Why is it we seem to have to go to the brink in life to awaken to ourselves? I don’t know anyone who escapes life’s tragedies and is wiser for that lack of experience. We seem to learn the most profound things from those big moments and near misses. But once in a while, if we pay attention, we get a moment of clarity that raises our awareness and appreciation for life, without the suffering.

Life is full of work and things to be done, or avoiding them and living down a rabbit hole—I choose the first one most of the time. By the time I exercise, clean the body, feed our household, do the most necessary of cleaning jobs and get what sleep I can, there is comparatively little discretionary time. And these days one of my joys is thinking about creating things rather than life’s big questions, which if I were going to be able to answer them, I probably would have in my 68 years on this earth. But I haven’t and probably won’t. I think about colour themes, about how to discern value more effectively, and what effects can be achieved on which kind of paper. And about trying to be honest and kind, both of which are challenging endeavours.

Some days I’m lucky enough that my morning walk helps me see a new corner of the environment  to enthuse my painting sessions. In between all of the above I keep inspiring myself with new reading, listening and viewing of other artists’ works. One morning I was listening to a podcast interview with Andrew Greig, a Scottish poet and writer. I love a Scottish accent. (Must be genetic as my paternal Grandmother’s family was named Carlisle.) What captivated me was the title of the interview ‘When I’m dead, I will love this.’ He tells a story of running home in the cold and rain from the fish and chip shop, to keep his meal from getting soggy. And he thinks, as clearly as anything, as he is running, how wonderful running and a hot fish and chip meal would be if he was dead. I get it. It left me with shivers and tears on the rims.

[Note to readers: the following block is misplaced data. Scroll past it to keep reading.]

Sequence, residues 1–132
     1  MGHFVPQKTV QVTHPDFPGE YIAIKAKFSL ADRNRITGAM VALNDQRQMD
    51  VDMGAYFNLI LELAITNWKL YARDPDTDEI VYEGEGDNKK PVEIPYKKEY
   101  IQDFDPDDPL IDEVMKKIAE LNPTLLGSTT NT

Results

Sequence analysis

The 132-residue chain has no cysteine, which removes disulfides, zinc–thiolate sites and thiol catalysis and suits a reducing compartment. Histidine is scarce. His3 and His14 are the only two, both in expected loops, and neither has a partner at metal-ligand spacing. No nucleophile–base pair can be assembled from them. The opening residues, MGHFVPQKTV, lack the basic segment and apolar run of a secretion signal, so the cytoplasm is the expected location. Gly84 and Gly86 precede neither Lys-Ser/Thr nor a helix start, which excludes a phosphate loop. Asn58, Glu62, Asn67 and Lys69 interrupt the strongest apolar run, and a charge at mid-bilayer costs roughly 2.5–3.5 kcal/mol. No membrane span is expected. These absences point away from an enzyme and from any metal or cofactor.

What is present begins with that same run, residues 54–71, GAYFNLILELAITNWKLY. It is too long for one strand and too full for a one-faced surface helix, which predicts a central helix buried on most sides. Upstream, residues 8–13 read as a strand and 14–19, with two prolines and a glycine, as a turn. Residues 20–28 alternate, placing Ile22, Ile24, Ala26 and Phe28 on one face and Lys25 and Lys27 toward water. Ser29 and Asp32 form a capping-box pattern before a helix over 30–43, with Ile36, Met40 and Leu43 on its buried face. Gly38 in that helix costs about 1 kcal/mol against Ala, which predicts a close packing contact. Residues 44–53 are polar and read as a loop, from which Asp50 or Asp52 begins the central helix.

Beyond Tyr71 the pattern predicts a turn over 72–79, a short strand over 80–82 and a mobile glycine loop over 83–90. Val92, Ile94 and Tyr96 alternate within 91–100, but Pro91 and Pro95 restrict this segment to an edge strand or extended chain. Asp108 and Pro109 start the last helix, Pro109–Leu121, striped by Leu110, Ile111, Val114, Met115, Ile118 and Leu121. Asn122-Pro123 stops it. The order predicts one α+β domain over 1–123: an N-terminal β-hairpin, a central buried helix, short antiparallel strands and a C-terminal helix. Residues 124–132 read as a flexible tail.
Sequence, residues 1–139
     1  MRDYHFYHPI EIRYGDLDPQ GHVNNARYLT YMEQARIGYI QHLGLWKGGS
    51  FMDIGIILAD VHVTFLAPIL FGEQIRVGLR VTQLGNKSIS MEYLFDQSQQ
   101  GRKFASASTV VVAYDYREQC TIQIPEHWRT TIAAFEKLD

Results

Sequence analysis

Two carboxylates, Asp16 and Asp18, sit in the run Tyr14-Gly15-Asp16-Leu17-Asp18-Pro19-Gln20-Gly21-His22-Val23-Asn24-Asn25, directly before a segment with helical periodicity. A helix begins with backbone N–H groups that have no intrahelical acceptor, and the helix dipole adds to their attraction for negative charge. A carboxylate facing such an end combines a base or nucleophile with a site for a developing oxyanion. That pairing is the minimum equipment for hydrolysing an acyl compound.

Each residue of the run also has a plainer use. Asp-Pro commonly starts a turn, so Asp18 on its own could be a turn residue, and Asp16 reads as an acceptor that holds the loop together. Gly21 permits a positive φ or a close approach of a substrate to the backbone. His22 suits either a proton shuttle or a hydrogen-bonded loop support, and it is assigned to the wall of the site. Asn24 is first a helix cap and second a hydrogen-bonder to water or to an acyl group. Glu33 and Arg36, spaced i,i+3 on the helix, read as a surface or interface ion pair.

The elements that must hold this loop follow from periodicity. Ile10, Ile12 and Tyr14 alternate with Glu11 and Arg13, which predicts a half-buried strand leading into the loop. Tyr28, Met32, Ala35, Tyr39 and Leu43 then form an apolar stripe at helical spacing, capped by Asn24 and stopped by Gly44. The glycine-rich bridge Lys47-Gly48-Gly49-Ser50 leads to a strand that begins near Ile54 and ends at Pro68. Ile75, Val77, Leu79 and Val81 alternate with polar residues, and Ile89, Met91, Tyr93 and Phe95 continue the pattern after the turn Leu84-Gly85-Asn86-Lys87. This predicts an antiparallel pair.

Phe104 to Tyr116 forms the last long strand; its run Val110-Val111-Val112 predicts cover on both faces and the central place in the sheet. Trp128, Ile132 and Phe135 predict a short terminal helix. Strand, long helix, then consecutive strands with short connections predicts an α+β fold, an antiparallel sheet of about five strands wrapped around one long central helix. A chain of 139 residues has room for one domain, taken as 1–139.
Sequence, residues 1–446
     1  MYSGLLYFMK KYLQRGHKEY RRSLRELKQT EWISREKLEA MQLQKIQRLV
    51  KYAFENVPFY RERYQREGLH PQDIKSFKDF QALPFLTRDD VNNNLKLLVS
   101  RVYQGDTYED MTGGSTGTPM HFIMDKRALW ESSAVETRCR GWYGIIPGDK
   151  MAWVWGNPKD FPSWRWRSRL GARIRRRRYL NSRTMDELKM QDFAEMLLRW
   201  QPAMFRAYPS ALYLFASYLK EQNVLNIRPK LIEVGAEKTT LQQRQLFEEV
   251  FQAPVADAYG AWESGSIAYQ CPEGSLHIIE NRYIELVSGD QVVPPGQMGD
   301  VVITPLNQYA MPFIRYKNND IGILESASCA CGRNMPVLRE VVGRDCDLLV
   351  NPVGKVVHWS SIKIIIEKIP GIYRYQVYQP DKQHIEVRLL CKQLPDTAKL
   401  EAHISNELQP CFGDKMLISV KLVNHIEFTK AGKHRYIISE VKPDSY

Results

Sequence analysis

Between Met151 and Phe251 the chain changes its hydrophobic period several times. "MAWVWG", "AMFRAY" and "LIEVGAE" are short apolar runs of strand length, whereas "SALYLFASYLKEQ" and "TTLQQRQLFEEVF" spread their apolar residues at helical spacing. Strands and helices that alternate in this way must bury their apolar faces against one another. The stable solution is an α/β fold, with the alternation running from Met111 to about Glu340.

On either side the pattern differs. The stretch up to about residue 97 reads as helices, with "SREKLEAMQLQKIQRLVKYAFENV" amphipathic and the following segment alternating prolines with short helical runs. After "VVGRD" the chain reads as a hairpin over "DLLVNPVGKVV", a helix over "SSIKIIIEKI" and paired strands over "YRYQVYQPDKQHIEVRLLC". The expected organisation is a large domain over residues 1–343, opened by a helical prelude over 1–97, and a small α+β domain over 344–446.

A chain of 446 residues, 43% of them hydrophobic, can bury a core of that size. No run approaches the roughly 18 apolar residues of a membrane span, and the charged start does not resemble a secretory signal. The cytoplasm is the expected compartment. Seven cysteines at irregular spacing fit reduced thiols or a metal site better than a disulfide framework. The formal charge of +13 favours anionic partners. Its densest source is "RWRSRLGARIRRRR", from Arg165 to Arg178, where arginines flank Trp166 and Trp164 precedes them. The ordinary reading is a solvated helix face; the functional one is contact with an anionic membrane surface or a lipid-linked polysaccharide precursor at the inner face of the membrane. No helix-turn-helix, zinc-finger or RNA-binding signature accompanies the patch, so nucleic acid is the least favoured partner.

We whir around in our complex world full of news stories and disaster and lists of jobs and people to please, when all the time we are doing the small miraculous things that humans do. We are spellbound at sunrises, marvel at nature, rejoice when we find a key we thought we’d lost, are amazed when our children are so much smarter than we were at that age…or kinder  than we realised. These things we know. They are right in front of us every single day and we forget to look. We forget to think, ‘when I’m dead, I will love this.’

Grass growing in rock – Ardys Zoellner 6/21

**This was going to be my last blog post. I had decided…or so I thought, I had nothing left to say. But after thinking it over the last couple of weeks I’ve decided this is the one place in my life I have the most control, where I can make up most of the rules. I even pay to keep the ads off this page so that you all won’t be dogged by those who glean data to try to sell you things. I won’t try to sell you anything. This is just my experience in the world for you to take or leave as you wish. I’m going to hang around for a while.